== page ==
Advertisement

Annals of Surgical Oncology

, Volume 14, Issue 12, pp 3401–3402 | Cite as

Minimally Invasive Radio-guided Surgery for Primary Hyperparathyroidism

  • Brian R. Untch
  • Michael E. Barfield
  • Joe Bason
  • John A. OlsonJr.
Endocrine Tumors

Abstract

Background

Minimally invasive parathyroidectomy can reduce operative morbidity and operative time.1,2 Radio-guided parathyroidectomy utilizing Tc-99m Sestamibi is one approach to minimally invasive parathyroidectomy.3,4 Here, we report a multimedia case study of minimally invasive radio-guided parathyroidectomy.

Methods

A 60-year-old African American female was found to have total calcium of 11.1 mg/dl, intact parathyroid hormone (iPTH) of 175 pg/ml, and a 24-h urine calcium of 620 mg/24 h. A Tc-99 Sestamibi scan (23.5 mCi of Tc-99 Sestamibi injected i.v.) and ultrasound localized a candidate adenoma to the right upper position. The patient was injected with 5.3 mCi Tc-99m Sestamibi 3 h before incision.

Results

A gamma probe (C-Trak Automatic System, Care Wise Medical Products) recorded in vivo counts of the right upper parathyroid (3,465) that were 160% of the background. Background counts were recorded from the resected tumor bed (2,224). A 1.4-g adenoma was identified in this location; ex vivo counts (3,226) were 150% of the background.5 Intra-operative iPTH baseline values were 176 pg/ml and 148 pg/ml, and 5- and 10-min post-resection levels were 17 pg/ml (90% drop) and 18 pg/ml (90% drop), respectively. The patient’s recovery was uncomplicated. At 1 week postoperatively, total calcium was 8.9 mg/dl and iPTH was 16 pg/ml. At 1 year, the calcium and iPTH levels were 8.7 mg/dl and 53 pg/ml, respectively.

Conclusions

Radio-guided minimally invasive parathyroidectomy using Tc-99 Sestamibi localization is an effective approach to hyperparathyroidism. For patients without localization, exposure of all four parathyroid glands is preferable.6,7 Surgeons should be familiar with both techniques.

Keywords

Adenoma Hyperparathyroidism Parathyroid Gland Primary Hyperparathyroidism Parathyroid Adenoma 
These keywords were added by machine and not by the authors. This process is experimental and the keywords may be updated as the learning algorithm improves.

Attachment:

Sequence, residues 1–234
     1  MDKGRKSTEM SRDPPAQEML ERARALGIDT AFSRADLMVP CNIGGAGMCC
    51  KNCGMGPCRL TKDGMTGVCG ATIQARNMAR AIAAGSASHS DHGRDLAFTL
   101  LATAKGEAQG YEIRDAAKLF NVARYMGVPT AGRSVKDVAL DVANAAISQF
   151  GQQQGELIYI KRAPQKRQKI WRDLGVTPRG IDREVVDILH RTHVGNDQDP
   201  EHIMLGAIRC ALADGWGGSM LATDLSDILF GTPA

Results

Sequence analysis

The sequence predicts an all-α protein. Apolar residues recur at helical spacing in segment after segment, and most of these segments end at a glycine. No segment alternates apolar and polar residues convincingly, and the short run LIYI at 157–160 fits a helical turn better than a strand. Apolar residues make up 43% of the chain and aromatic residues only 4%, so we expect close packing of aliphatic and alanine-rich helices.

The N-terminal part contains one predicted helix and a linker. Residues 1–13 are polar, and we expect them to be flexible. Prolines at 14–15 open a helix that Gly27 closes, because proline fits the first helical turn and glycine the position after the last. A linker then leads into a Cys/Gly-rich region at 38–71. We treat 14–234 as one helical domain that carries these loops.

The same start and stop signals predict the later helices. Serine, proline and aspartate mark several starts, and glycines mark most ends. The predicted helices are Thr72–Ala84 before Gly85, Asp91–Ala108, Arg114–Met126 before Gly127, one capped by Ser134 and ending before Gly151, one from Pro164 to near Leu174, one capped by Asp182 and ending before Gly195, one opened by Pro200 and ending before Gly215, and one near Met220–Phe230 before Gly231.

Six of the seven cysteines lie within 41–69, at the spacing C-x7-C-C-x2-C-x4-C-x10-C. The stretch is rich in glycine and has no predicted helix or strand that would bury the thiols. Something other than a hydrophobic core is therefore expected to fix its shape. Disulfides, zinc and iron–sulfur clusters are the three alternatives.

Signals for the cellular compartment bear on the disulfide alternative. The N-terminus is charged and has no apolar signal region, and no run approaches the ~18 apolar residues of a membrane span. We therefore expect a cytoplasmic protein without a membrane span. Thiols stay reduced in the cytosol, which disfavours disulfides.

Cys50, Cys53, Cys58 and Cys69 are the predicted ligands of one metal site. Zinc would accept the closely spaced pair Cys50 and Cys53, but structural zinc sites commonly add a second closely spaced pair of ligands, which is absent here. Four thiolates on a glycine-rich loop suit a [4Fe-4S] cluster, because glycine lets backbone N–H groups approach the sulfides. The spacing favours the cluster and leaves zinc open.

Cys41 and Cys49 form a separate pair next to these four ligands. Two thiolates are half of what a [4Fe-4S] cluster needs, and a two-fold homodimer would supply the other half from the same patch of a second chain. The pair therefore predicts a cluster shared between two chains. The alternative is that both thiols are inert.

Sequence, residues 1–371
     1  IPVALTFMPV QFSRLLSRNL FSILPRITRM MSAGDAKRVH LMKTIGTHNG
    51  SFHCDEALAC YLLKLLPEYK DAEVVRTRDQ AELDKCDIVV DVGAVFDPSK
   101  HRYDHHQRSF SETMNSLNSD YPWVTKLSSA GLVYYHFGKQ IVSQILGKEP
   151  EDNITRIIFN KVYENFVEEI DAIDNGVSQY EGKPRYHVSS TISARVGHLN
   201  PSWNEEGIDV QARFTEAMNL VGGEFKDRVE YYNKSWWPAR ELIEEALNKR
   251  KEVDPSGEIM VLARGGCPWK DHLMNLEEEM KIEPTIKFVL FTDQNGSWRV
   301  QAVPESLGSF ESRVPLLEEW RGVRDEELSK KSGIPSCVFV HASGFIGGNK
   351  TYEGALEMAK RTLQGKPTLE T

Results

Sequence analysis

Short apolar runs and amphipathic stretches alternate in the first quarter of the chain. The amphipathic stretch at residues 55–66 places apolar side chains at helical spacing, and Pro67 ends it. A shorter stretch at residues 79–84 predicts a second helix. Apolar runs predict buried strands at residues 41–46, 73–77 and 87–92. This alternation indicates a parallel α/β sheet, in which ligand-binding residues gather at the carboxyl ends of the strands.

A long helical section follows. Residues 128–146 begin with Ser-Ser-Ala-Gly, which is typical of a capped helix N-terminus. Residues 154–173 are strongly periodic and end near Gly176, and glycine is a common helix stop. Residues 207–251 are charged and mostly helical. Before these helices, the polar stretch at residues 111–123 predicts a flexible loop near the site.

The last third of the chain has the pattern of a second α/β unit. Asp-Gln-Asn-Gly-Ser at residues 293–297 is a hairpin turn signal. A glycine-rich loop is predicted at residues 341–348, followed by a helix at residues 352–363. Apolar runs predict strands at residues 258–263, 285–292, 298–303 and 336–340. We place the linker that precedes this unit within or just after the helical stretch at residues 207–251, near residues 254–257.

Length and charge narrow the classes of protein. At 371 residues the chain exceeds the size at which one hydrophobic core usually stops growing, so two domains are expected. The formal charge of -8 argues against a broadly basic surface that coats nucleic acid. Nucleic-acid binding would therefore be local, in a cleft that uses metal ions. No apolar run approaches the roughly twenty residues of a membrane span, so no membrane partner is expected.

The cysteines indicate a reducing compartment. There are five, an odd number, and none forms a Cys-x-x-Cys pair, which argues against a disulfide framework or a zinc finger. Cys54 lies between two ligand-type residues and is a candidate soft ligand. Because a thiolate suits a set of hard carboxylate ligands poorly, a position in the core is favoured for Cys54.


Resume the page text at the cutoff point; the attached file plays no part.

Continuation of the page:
Supplementary material

Supplementary material

References

  1. 1.
    Goldstein RE, Blevins L, Delbeke D, Martin WH. Effect of minimally invasive radioguided parathyroidectomy on efficacy, length of stay, and costs in the management of primary hyperparathyroidism. Ann Surg 2000; 231:732–42PubMedCrossRefGoogle Scholar
  2. 2.
    Flynn MB, Bumpous JM, Schill K, McMasters KM. Minimally invasive radioguided parathyroidectomy. J Am Coll Surg 2000; 191:24–31PubMedCrossRefGoogle Scholar
  3. 3.
    Nichol PF, Mack E, Bianco J, Hayman A, Starling JR, Chen H. Radioguided parathyroidectomy in patients with secondary and tertiary hyperparathyroidism. Surgery 2003; 134:713–17PubMedCrossRefGoogle Scholar
  4. 4.
    Chen H, Mack E, Starling JR. Radioguided parathyroidectomy is equally effective for both adenomatous and hyperplastic glands. Ann Surg 2003; 238:332–8PubMedCrossRefGoogle Scholar
  5. 5.
    Murphy C, Norman J. The 20% rule: a simple, instantaneous radioactivity defines cure and allows elimination of frozen sections and hormone assays during parathyroidectomy. Surgery 1999; 126:1023–8PubMedCrossRefGoogle Scholar
  6. 6.
    Sidiropoulos N, Vento J, Malchoff C, Whalen G. Radioguided tumorectomy in the management of parathyroid adenomas. Arch Surg 2003; 138:716–20PubMedCrossRefGoogle Scholar
  7. 7.
    McGreal G, Winter DC, Sookhai S, Evoy D, Ryan M, O’Sullivan GC, Redmond HP. Minimally invasive, radioguided surgery for primary hyperparathyroidism. Ann Surg Oncol 2001; 8:856–60PubMedCrossRefGoogle Scholar

Copyright information

© Society of Surgical Oncology 2007

Authors and Affiliations

  • Brian R. Untch
    • 1
  • Michael E. Barfield
    • 1
  • Joe Bason
    • 1
  • John A. OlsonJr.
    • 1
  1. 1.Department of SurgeryDuke University Medical CenterDurhamUSA

Personalised recommendations